I like bunnies!!! Oh, and the Nicki Clyne Fan 'Zine is out!

Okay, I'm just gonna be completely honest. I'm not a salesperson. I've never been good at it. I know it's a skill you can build, but I just haven't yet. When I was in school and we sold chocolates to raise money for camp, my family was eating Mint Meltaways® for months. It's probably related to some fear of rejection, or failure, or that time I got in trouble for selling pot-pourri which was essentially rose petals sprayed with my mom's expensive perfume. Conveniently, those feelings are soothed with the sweet, velvety taste of chocolate and mint melting like butter in your mouth... Anyway, that was the past, and now I have something way cooler than cheap-ass fundraising chocolates. It's a collaboration between three amazingly awesome and talented people (yes, I'm including myself in that statement - awkward, right?). I'm calling it the Nicki Clyne Fan 'Zine, but it's just as much about the fans as it is about me. It's a tribute to the fan community and a nostalgic reference to "fan zines" of the past. There will only be a limited number ever in existence. So even if it's not exciting to you now, maybe one day you can sell it and pay for your kid's camp tuition (or at least a box of their chocolates).

I'm very excited to share this project, it was a really neat creative process. Pedro's art is truly amazing, I think he really captured a certain Nicki-ness in is drawings. (Either that or I look A LOT like a cartoon in real life. You decide.) And even though I know I'm awesome regardless (my mom says so), I really hope you like it too :). Click here to get  your copy today! (shipping included.)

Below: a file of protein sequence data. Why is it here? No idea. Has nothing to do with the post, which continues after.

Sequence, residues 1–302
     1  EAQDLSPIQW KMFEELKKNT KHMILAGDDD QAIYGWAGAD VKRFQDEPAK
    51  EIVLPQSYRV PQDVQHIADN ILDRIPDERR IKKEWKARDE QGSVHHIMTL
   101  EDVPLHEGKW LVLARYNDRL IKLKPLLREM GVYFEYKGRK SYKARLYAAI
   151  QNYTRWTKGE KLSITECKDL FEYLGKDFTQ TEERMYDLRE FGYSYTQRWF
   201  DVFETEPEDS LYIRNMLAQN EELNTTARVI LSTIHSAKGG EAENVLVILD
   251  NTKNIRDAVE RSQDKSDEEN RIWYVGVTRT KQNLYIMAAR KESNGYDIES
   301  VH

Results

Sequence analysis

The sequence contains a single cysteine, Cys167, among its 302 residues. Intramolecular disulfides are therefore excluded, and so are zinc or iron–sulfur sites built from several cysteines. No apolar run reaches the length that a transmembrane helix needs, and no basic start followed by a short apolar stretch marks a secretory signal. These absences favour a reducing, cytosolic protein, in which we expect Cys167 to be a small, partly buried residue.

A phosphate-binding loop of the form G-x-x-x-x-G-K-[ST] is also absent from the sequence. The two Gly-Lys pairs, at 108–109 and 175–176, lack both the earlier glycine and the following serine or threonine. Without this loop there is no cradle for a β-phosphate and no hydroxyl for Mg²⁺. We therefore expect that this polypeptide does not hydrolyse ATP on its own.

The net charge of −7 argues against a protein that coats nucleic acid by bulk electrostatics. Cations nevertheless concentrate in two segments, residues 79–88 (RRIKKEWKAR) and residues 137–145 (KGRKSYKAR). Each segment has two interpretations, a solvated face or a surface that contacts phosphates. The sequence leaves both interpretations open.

(i'm glad) some things never change

I've always loved looking at photos of my friends when they were wee little munchkins. Last year for my birthday, I asked my friends to bring along their favorite kid pictures to my party and it was even more fun than I imagined. My favorite part (besides the typically awesome fashion) is noticing the subtle qualities and attributes that are so uniquely “them;" that even twenty or thirty, or forty, years later, they still curl their lip on one side or squint that one eye, or have that expression as if they're waiting for mom to say it's okay to dig in to dessert. You know, those indescribable nuances that allow you to recognize them in a crowd or at a great distance—the way they walk, the way they slouch, they way they flick their hair (even if they no longer have any). There’s a certain innocence to existence I think we often forget, or mistakenly think we lose. We all start out as these little lumps of flesh and love, and then we grow up, and somehow we believe we’re supposed to know stuff, have stuff, do stuff... But deep down, we’re that same little child who stared in awe out the car window, endlessly fascinated with every movement, every smell, every sound. This, I believe, is our nature—this curiosity and joyfulness. I love that photos from our past can be a reminder of that. I was inspired to write about this because I discovered an amazing photo project by Irina Werning. She's been recreating people’s childhood photos at their current age. This is what she says about it: